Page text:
I am Deborah Jekel and I am a third-year bachelor student Health and Life sciences at the Vrije Universiteit in Amsterdam. The last couple of months I have had the pleasure to work with Rosanne and do an experimental internship. My project comprised of researching the regulation of glycogen metabolism of Lactobacillus crispatus – a prominent member of the vaginal microbiome. Teaser, it might possibly be carbon catabolite repression!
Because this internship was part of an Open Kitchen Science research project, all figures, data, methods and protocols are shared. Find the entire dataset at FigShare:
First, I spend some time on finding the optimal growth conditions for L. crispatus. I compared two methods, the use of Eppendorf tubes versus the Anaerobic jar. I cultured L. crispatus in NYCIII medium supplemented with glucose (find protocol here) and used Eppendorf tubes that I filled completely to reduce oxygen levels to a minimum and an Anaerobic jar that I pulled vacuum and filled with CO2 + N2 gas. Results presented that L. crispatus grows faster and better in the Anaerobic jar than in the Eppendorf tubes (figure 1). Of course, this is sort of an open door since we know that L. crispatus is an anaerobic bacterium, but these experiments were also good for me to get acquainted with working in the lab and to start off easy.
As you may know glycogen is an abundant carbohydrate in the vagina, can L. crispatus utilize glycogen to colonize the vagina? Earlier experiments completed by Rosanne already showed results that some strains can grow on glycogen-supplemented growth media (see blogpost here). I did growth experiments with L. crispatus strain 9 and 10 cultured in NYCIII medium 1.1x supplemented with glycogen, glucose or demi water (see last paragraph of NYCIII protocol). Results showed that strain 9 cannot grow on glycogen while strain 10 can, see Figure 2. This corresponds with the results of Rosanne. Could the lack of growth on glycogen by strain 9 be caused by the frameshift mutation of strain 9 in the putative type I pullulanase gene? We don’t know yet. Unfortunately, I have not been able to calculate growth rates as a result of a lack of measurements during the exponential phase of growth.
We also know that the vagina has a low pH which may be caused by lactate possibly produced by bacteria. I looked at lactate concentrations in the supernatant of L. crispatus strain 10 after growth on glucose and glycogen using HPLC (find the protocol here). We see that growth on glucose shows a higher lactate concentration than growth on glycogen, see Figure 3, but this may also be explained by the difference in cell density (optical density at 600nm) that was on average 0.4. Could it be that L. crispatus also utilizes glycogen to produce lactate and acidify the vagina?
In addition, I wanted to investigate the enzymatic activity of L. crispatus. I used starch as a proxy for glycogen and carried out enzymatic assays with an iodine staining (find protocol here). I incubated the pellets and supernatants of L. crispatus strain 9 and 10 in a starch solution after growth on glycogen, glucose and demi water. I discovered that only strain 10 could degrade starch after growth on glycogen.
After seeing the results of the starch assay, I was curious whether growth on other carbon sources could also induce starch degradation activity. I examined maltose, maltotriose and galactose. Maltose and maltotriose are of interest because they are breakdown products of glycogen and galactose has the same structural formula as glucose but a different metabolic pathway. Interestingly, the presence of galactose during growth of L. crispatus strain 10 also induces starch degradation activity while maltose or maltotriose did not! So, some carbon sources induce starch degradation and others do not, could this be carbon catabolite repression? This would mean that L. crispatus uses the carbon sources that are most easily accessible and allow for fastest growth while inhibiting the synthesis of enzymes involved in the metabolism of secondary carbon sources. This makes sense, right? Why would L. crispatus waste energy on grinding (glycogen) when there are also mashed and grounded nutrients available (glucose, maltose or maltotriose)?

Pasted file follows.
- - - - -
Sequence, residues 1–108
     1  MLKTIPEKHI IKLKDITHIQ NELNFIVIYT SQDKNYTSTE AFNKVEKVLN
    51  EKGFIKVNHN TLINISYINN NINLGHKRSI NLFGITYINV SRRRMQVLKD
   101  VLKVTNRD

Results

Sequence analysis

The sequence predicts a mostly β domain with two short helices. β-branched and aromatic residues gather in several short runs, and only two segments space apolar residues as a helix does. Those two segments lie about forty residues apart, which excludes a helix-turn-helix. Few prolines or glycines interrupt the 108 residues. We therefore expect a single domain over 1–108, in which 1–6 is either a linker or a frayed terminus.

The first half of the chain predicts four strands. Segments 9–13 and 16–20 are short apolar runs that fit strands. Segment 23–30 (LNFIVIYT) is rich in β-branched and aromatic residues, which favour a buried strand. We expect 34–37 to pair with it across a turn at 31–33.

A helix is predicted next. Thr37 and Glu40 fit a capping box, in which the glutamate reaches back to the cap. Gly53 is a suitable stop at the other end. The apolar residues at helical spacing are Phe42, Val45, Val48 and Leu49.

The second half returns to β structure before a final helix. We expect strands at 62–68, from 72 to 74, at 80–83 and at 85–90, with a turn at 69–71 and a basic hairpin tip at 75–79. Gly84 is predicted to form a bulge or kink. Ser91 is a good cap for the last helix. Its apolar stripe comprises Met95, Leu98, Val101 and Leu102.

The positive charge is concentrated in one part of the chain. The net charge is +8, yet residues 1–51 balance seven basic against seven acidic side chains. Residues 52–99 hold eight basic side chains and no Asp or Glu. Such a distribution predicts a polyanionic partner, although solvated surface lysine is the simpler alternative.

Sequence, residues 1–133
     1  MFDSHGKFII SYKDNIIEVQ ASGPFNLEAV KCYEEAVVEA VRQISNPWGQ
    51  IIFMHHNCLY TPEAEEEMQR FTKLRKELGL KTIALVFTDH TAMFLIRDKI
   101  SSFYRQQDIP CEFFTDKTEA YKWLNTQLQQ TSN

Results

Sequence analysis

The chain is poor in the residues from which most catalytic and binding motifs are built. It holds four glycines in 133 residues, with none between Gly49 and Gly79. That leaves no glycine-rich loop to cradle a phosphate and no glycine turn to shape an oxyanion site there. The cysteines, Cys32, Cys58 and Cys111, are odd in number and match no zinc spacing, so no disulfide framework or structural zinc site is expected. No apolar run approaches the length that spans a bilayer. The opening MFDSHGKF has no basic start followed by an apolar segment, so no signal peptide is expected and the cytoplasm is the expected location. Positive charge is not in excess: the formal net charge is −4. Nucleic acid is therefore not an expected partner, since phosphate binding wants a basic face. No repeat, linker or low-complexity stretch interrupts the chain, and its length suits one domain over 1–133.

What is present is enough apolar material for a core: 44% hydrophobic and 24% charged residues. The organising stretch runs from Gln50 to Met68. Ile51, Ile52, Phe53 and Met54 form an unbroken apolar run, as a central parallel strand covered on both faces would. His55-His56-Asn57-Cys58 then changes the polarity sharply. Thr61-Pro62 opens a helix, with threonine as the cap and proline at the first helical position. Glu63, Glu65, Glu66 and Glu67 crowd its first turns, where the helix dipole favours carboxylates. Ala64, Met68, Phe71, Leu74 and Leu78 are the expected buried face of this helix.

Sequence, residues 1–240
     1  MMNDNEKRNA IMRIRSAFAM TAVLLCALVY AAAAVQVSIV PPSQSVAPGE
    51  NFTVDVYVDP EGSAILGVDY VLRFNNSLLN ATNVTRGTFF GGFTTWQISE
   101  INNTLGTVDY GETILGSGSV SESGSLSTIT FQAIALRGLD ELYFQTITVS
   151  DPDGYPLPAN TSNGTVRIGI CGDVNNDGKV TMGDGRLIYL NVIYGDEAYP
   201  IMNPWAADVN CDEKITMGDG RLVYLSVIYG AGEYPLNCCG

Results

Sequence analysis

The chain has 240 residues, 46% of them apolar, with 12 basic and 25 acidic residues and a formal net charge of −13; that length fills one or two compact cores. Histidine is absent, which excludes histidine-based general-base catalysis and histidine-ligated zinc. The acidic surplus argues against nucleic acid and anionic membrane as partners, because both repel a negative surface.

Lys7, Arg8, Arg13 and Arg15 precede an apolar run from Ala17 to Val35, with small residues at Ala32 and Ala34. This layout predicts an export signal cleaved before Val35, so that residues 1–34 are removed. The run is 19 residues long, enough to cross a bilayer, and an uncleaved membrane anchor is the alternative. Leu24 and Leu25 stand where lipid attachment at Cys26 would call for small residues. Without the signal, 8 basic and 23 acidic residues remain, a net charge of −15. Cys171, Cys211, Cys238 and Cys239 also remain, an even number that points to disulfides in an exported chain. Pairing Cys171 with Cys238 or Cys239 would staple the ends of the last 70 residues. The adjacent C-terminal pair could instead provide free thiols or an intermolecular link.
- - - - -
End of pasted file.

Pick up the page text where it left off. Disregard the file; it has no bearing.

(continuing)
That is all we have on the speculation of carbon catabolite repression in L. crispatus for now.
One more result I wanted to share: I have tried growing on two carbon sources simultaneously and performing a starch assay after 48 hours (find data here), but had some trouble interpreting the results. What I intended was to try to catch the switch from one carbon source to the other. I was hoping to find the degradation activity to correspond with the second carbon source that I added in addition to glycogen. This would prove glucose repression, instead of other regulatory mechanisms, since in the presence of glycogen and glucose the activity would remain repressed. Unfortunately, I wasn’t able to get a meaningful result, possibly because I couldn’t distinguish between growth on the different carbon sources. Experimental design needs improvement! In the future I hope we can measure glycogen concentrations and determine starch- and growth rates to be able to pinpoint exactly the moment this activity is switched on or off. Nevertheless, data of the different experiments are shown in the FigShare file and are also mentioned in my thesis (name: “double carbon sources”).
I have learned a lot these past 4 months and I want to thank Rosanne for giving me this opportunity. If you’re interested in reading my thesis, you can find it with all other data files on FigShare. Enjoy!